A Monmouth-based company hopes to break the mould with a bespoke mountain bike frame that has come to fruition with Altair, HiETA, and Renishaw.
For £4,395 the Robot Bike Co (RBC) will build customers a bespoke frame with carbon fibre components and tubing bonded into the double lap joints of additive manufactured lugs made from powdered titanium.
Despite the price tag, RBC maintains that the R160 fulfils criteria missing in today’s mountain bikes, with AM parts allowing for customisation in a market more used to moulding carbon fibre frames in three sizes. RBC founding partner Ed Haythornthwaite added that technology developments would eventually bring bespoke bikes to a wider market.
To order a frame, customers use RBC’s website to input their height, inside leg measurements and arm span, from which the size of the frame is then calculated. A CAD model of the entire bike frame is quickly generated to ensure the optimum fit, with 11 titanium lugs built around the customers’ exact requirements.
Bath-based HiETA, a specialist AM development and project engineering company, introduced RBC to project partners Altair and Renishaw and also provided the frame’s parametric CAD model. They say that 225,720 geometries are possible.
RBC said it has placed high-strength-to-weight ratio titanium in areas of maximum stress and connected them together with high-stiffness-to-weight carbon composite tubes.
“One of the key things is those double lap joints,” said Haythornthwaite. “We’ve seen bonded frames in the past and where they fail. [By using AM] it not only reduces peel loads, but also the way we fill…the double lap joint with adhesive. When we push the joint in the tube it splurges out any excess, ensuring the [Henkel] adhesive is absolutely covered, [ensuring] the best possible joint.
“We couldn’t produce that shape by any other sculpt, basically 1mm wall thickness, [and] a very fine gap going down 25mm.
The lugs – titanium grade Ti6AI4V – are batch processed by Renishaw with SLS (selective laser sintering) of Ti particles in the 10-45μm range prior to heat treatment and CNC machining for bearing, headset, and bottom bracket fit.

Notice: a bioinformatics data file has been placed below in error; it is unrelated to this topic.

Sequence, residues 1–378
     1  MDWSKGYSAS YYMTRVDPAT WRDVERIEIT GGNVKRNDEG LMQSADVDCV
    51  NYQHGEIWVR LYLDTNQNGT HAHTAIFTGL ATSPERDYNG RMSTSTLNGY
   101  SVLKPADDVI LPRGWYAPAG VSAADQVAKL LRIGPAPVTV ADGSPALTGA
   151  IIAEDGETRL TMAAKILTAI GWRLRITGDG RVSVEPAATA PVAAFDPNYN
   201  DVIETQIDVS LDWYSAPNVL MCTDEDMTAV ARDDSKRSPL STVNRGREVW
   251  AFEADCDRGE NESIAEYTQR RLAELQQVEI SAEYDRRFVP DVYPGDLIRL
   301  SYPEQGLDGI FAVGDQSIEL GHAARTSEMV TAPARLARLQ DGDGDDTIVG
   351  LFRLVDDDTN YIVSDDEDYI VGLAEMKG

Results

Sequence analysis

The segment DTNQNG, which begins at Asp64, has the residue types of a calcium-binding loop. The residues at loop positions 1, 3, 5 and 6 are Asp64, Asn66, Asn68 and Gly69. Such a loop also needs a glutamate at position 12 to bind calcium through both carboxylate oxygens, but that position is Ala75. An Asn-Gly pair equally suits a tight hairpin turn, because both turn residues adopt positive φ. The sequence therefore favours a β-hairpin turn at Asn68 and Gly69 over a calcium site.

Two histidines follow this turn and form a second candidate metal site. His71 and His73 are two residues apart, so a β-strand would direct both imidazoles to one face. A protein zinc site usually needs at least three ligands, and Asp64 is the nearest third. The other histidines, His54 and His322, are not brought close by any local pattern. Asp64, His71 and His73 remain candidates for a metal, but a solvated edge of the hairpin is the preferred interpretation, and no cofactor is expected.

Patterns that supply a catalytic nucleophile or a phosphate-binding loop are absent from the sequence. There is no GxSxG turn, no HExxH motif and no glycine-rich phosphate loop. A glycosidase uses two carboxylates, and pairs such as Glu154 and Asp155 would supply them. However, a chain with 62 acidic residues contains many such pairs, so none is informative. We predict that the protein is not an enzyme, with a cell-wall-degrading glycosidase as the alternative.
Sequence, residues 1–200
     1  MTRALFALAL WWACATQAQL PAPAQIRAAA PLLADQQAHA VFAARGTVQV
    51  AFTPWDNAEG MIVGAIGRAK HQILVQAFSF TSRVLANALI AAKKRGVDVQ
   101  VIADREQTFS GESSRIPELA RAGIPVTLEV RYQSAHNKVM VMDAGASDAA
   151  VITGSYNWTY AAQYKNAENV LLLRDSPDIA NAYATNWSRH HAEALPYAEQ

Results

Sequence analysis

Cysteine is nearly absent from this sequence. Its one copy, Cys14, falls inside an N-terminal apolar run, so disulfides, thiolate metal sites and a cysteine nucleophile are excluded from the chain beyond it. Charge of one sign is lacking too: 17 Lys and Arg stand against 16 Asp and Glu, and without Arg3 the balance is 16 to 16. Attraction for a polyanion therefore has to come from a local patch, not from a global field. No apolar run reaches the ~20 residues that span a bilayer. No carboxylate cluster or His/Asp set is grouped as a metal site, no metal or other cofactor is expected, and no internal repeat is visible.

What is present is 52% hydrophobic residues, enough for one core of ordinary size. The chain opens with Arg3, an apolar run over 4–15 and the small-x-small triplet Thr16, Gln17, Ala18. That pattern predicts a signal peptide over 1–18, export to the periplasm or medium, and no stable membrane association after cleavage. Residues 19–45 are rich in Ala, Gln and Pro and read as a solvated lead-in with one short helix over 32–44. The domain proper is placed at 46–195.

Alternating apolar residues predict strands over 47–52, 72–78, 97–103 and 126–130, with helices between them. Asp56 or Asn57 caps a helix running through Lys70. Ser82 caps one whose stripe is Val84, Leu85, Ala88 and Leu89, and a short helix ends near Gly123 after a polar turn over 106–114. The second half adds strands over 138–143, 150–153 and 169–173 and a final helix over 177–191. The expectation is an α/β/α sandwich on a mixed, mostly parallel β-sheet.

Double lap shear joints are used to avoid so-called out of plane loads and AM allows RBS to produce parts with higher aspect ratios, thinner walls and more control over wall thickness tapering compared to a cast or machined parts.
Altair were pivotal to AM part optimisation with solidThinking Inspire helping to identify where material in the connectors could be removed to save weight and reduce the number of parts used. The simulation experts took the original 3-piece chain-stay lug design to a single, hollow-walled component that is lighter, strong and requires minimal support structure during AM build.
According to Haythornthwaite, Altair’s input into the R160 ensures there’ll be no fatigue issues, adding that RBC would have struggled to get it to ascertain correct weight and strength ratios without Altair’s topology optimisation software.
RBC said it would take around four weeks to produce a frame with the finished bike fitted with a suspension system designed and developed by David Weagle.
Mike Adams, HiETA’s CEO said AM parts will add value to products and that mass customisation is one of the AM industry’s goals.
Echoing these sentiments, Haythornthwaite said: “We know the price of these parts is only going to go in one direction: they’re going to get cheaper, so if we can make it a viable product now it will only become better in the future.